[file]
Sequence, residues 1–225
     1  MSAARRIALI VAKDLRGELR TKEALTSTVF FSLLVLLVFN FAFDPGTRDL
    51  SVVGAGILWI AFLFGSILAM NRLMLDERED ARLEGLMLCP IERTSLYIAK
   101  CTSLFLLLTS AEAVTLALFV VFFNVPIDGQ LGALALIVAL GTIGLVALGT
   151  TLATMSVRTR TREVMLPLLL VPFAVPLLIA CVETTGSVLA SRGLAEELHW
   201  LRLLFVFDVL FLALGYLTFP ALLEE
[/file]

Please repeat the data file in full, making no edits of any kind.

Sequence, residues 1–225
     1  MSAARRIALI VAKDLRGELR TKEALTSTVF FSLLVLLVFN FAFDPGTRDL
    51  SVVGAGILWI AFLFGSILAM NRLMLDERED ARLEGLMLCP IERTSLYIAK
   101  CTSLFLLLTS AEAVTLALFV VFFNVPIDGQ LGALALIVAL GTIGLVALGT
   151  TLATMSVRTR TREVMLPLLL VPFAVPLLIA CVETTGSVLA SRGLAEELHW
   201  LRLLFVFDVL FLALGYLTFP ALLEE